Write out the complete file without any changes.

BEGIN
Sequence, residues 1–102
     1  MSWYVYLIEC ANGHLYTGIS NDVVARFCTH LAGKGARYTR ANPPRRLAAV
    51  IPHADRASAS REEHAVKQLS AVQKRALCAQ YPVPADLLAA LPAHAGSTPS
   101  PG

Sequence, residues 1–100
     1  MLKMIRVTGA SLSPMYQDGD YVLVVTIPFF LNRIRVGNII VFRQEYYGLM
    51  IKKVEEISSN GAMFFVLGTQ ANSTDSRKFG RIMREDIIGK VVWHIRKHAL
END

Sequence, residues 1–102
     1  MSWYVYLIEC ANGHLYTGIS NDVVARFCTH LAGKGARYTR ANPPRRLAAV
    51  IPHADRASAS REEHAVKQLS AVQKRALCAQ YPVPADLLAA LPAHAGSTPS
   101  PG

Sequence, residues 1–100
     1  MLKMIRVTGA SLSPMYQDGD YVLVVTIPFF LNRIRVGNII VFRQEYYGLM
    51  IKKVEEISSN GAMFFVLGTQ ANSTDSRKFG RIMREDIIGK VVWHIRKHAL